We kept running into Leo Laporte, oddly enough.  As fans, we instinctively shouted out his name.  At one point, we were sitting at a table and I saw him wander up, looking lost.  He was holding a salad.  I just suddenly shouted, “Hey Leo!”  He spotted us and walked up.  My coworker invited him to sit and eat and to my surprise, he did.  We sat and geeked out with him for about 20 minutes, having some enlightening conversations about Microsoft and Apple.  Leo is a man who gets it.  It’s fun to idolize him because he doesn’t seem to mind much.

We managed to see Leo at least two more times.  Once as we wandered the show floor we spotted him checking out the SMULE booth.  (The Ocarina app is the most incredible application I’ve ever seen, incidentally).  Later in the week, we crossed paths with him in the tunnel connecting north and south Moscone.  I congratulated him on his fantastic speech that morning and he seemed rather appreciative.

Between talking to Leo Laporte and Alex Lindsay, two heroes of mine in the new media space, it was like a dream come true.

iPhone Case World

As far as the show floor went, Apple owned the north hall.  Without their presence next year, Macworld will probably be able to squeeze into a single event hall.  Seriously.  They had a huge contingent of computers and employees there demonstrating iLife and iWork.  Good for them.

A row of iMacs used to demo iWork '09
A row of iMacs used to demo iWork '09


The rest of the show floor was really underwhelming.  Everywhere you looked, some new company was coming out with a new case for iPods or the iPhone.  Srsly.  That was about it.  There were some great show buys that I immediately picked up on – a 30% discount on Omni products, a 10% discount on Delicious Library 2, but by and large there were only two stories on the show floor: iPhone/iPod cases and gadgets and the complete surprise of geotagging suddenly becoming important.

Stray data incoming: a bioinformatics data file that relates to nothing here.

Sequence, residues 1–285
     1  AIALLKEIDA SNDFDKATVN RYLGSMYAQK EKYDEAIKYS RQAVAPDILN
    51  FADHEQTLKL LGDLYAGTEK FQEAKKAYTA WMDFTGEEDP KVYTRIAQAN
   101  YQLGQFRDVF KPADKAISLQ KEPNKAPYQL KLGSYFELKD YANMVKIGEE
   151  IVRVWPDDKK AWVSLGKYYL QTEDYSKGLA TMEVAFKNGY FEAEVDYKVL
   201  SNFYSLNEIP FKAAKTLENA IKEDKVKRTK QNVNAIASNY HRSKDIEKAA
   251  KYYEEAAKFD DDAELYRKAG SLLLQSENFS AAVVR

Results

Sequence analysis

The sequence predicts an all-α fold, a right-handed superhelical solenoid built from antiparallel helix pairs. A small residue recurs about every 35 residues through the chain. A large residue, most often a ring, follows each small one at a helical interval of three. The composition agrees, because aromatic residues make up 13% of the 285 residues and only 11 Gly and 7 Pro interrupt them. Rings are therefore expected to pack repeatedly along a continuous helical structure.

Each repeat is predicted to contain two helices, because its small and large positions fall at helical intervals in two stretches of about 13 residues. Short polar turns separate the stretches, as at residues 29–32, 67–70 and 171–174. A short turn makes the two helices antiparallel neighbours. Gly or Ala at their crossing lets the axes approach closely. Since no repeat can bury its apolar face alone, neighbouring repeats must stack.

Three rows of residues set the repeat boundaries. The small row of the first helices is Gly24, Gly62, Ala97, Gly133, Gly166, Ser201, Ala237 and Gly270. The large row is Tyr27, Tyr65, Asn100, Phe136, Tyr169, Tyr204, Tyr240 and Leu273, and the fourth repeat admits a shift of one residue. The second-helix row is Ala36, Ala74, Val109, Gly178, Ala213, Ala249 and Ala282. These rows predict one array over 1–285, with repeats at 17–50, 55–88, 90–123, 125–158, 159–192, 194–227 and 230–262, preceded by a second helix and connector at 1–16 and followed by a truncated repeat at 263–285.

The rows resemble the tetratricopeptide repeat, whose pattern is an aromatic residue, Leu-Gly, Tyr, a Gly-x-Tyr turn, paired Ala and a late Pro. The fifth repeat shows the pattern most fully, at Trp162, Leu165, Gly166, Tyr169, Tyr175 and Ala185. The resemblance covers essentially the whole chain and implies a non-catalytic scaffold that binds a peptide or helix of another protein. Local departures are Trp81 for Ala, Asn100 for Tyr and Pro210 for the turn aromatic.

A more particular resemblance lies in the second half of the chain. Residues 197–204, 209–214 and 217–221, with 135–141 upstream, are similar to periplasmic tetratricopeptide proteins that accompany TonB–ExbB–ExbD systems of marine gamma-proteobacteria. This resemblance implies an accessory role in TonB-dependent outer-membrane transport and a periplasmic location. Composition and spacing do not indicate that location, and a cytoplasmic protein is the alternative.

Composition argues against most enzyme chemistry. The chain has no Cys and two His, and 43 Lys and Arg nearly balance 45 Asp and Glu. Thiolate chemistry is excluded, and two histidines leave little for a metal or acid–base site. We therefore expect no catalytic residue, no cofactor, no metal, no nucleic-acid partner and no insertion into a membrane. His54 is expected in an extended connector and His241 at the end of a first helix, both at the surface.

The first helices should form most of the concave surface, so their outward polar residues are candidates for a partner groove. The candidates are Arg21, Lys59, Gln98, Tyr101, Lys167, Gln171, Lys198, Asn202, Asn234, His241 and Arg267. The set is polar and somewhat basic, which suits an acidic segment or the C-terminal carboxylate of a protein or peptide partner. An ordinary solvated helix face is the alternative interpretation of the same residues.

That’s right.  Nikon and Canon were completely thrilled about the geotagging support being added to iPhoto.  Not.  Both booths said everyone was now asking for geotagging support in the cameras because of this but they were completely unprepared.  The Canon booth was even worse about this topic – they were downright combative about the subject.  When we asked if any of their cameras supported geotagging, they said, “Why do you ask?”  We looked at them as though they had turkeys on their heads.  The Canon rep continued, “Just because iPhoto has it?  What makes that useful?”  We still stood there, speechless.  Finally, he seemed to relent a little bit.  “No, seriously, Canon would like to know if you want this and how much you’re willing to pay for it.”  Okie, that’s a decent question, but his delivery could use some work.  So it seems Apple is ahead of the game again – no one is ready to do geotagging as part of the full camera gadget just yet.  Buyer beware.

That about covers the show as I saw it.  We’re packing up to head home, but I don’t think I’ll be coming back to another Macworld.  I’ll make an effort for WWDC, but if Apple thinks that CES is the place to go and Macworld isn’t, then I suspect that’s where the flock will go next as well.

IDG blew something.  I’m not sure what it was, but they blew it.  You could feel that evidence everywhere.

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Twittering the Macworld Keynote

For those of you who are interested in the Macworld keynote that will be occurring tomorrow… I have a guaranteed seat to attend and am planning to Twitter the presentation as it occurs.

I said planning. That does not include getting busted by any Apple employees or whatnot.

If you want to follow my Twitter feed for tomorrow morning, my Twitter username is “Vermyndax.” (http://twitter.com/vermyndax)